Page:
The Dirigible Balloon
Poetry for Children

Filey Brigg

Listen to the poem read by JH Rice ...
There are stories aplenty of dragons
That tell of their hideous ways
And of the bold knights who sought vengeance
And fought with their eyes all ablaze.

Their battles were brutal and fearsome
With clashing of steel upon scale
And a terrible tearing of talons
Through glittering coats of chain mail.

But this story’s just a bit different
It’s still got a dragon, of course,
But here there’s no sword-wielding hero
To come charging along on his horse.

No … this is the dragon of Filey
Who hid in a ditch by the shore:
He snacked on whatever was passing
Which he caught with a flick of his claw.

His favourite was sheepses and lambsies
(They came with a ready-made floss)
But when he began to eat sailors
It made all the townsfolk quite cross.

But how do you battle a dragon
When all of the knights have retired?
It’s really quite a conundrum:
A bit of quick thinking’s required

Then up came the brave Mrs Parkin
Who claimed that she’d thought of a plan
She said she’d dispose of the dragon -
If someone could lend her a pan.

There’s no doubt that some people tittered
(There’s always a few that will scoff)
Well, what was the point of her cooking
When the dragon lay deep in his trough?

But soon she began to get busy,
She stirred up a sort of a cake
With oatmeal and sugar and treacle,
The finest she ever would make

And then she went down to the shoreline -
She stood with the cake in her hands
And wafted the cakey aroma
Across the soft sheen of the sands

She heard an ominous rumble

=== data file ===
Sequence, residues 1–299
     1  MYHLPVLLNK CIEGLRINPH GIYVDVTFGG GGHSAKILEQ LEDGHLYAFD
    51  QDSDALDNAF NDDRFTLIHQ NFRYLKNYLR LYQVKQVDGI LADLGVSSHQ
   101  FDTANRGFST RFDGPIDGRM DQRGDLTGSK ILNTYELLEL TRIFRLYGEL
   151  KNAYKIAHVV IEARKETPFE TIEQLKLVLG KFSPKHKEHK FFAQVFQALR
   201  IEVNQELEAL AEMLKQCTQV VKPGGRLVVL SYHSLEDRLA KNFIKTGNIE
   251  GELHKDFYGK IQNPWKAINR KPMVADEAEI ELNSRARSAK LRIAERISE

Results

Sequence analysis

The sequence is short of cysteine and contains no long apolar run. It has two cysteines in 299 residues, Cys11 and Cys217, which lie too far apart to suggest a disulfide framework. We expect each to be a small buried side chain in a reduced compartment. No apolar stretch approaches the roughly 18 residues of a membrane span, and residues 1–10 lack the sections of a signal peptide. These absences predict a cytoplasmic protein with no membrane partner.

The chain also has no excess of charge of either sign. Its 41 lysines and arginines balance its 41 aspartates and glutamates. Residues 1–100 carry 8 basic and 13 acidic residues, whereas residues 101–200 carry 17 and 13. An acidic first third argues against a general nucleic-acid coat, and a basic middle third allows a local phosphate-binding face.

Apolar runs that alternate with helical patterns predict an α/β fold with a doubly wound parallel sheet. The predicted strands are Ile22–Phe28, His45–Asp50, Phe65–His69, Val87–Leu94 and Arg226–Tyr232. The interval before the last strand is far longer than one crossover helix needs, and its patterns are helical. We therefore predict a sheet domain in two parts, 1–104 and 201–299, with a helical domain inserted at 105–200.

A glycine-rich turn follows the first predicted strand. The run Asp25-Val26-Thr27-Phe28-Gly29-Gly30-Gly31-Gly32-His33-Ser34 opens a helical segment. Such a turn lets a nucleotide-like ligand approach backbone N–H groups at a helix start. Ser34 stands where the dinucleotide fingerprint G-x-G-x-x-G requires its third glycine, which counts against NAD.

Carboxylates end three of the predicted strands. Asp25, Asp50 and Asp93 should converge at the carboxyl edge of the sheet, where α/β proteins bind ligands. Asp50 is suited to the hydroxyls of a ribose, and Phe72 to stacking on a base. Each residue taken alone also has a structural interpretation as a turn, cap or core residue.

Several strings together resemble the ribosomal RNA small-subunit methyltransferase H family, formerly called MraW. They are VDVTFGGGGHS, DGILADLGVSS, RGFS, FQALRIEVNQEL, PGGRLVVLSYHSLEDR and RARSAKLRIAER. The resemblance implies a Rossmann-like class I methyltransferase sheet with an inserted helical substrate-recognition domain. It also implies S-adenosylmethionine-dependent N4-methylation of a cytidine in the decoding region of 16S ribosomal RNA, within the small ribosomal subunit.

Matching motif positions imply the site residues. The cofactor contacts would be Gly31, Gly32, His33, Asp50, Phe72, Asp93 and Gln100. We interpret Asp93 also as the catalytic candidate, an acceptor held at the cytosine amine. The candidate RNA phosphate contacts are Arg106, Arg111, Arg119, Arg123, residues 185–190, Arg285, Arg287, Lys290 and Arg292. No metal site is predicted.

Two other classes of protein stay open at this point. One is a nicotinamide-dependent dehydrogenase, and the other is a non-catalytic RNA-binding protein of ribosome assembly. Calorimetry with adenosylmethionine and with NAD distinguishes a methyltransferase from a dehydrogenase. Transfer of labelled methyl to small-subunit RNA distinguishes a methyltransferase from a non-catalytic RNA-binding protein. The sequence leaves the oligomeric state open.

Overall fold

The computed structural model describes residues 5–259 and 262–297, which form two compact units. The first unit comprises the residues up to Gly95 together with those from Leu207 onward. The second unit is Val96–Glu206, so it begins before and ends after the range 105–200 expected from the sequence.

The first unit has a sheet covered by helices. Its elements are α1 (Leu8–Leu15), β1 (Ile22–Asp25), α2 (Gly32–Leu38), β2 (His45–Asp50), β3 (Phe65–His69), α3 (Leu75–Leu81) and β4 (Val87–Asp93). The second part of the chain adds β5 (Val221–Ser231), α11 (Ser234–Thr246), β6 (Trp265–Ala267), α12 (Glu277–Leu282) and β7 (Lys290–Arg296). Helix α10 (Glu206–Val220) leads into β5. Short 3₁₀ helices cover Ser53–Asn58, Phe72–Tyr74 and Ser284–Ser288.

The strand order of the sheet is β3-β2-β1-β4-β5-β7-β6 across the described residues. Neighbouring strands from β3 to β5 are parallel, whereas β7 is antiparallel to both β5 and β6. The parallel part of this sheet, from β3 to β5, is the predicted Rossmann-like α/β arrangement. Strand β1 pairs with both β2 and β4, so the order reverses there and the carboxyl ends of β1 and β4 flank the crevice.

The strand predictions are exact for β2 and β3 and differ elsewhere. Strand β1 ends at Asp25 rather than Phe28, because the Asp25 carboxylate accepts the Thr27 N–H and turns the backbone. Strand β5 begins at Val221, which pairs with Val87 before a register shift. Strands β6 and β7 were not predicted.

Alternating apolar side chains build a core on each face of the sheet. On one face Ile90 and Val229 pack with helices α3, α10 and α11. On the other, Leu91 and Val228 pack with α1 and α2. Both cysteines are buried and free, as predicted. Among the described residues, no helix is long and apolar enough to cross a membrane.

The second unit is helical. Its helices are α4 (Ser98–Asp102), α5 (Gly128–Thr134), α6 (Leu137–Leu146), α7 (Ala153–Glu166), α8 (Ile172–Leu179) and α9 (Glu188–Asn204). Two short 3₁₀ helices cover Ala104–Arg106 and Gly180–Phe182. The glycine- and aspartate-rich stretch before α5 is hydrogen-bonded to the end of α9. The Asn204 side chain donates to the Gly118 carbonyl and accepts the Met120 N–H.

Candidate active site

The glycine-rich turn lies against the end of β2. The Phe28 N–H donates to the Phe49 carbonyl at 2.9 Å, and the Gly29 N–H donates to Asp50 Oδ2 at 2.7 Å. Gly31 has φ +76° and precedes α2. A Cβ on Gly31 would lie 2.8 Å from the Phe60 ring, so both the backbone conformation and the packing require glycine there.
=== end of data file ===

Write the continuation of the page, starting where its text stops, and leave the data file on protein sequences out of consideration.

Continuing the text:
The kind that a dragon would make
When he’s been peacefully sleeping
Then rudely awakened … by cake.

Imagine the scene, dearest reader,
Of a lady alone by the sea
With a dragon who’s slowly approaching
I’m sure you’d be tempted to flee!

But not so our brave Mrs Parkin!
Who showed not a fragment of fear
She stood in a valiant posture
As the terrible lizard drew near.

His eyes were like clusters of diamonds
His wings were the dark of the night
His breath was the swell of the ocean
His scales were the glow of firelight

The dragon was suitably cautious
He’d never had cake until then -
He sniffed at a bit of a morsel …
Before dragging it back to his den.

There came a horrible slurping
As the dragon tore into the treat
And once she knew he was eating
Our hero prepared her retreat.

“He loved it!” announced Mrs Parkin
(Once she’d recovered from shock),
“And I’m perfectly sure that the treacle
Has fastened his jaws like a lock”

Alas and alack for the dragon
The words that she’d said had come true
The cake (known henceforth as Parkin)
Had fastened his mouth up like glue

And that was the end of the creature
It never returned to that shore
So if you’re plagued by a dragon -
Remember to glue up his jaw.

Now, if you’re ever in Yorkshire
And you’re offered some Parkin to eat
You’ll remember the strangest of stories
Of cake … and a dragon’s defeat.

About the Writer

J H Rice

J H Rice writes poems. Sometimes he does this on purpose but a lot of the time poetry just seems happen to him. He used to worry about this but, since meeting lots of other poets, he has realised that it's perfectly normal. A lot of poems happen to him when he's walking his dog, Rosie.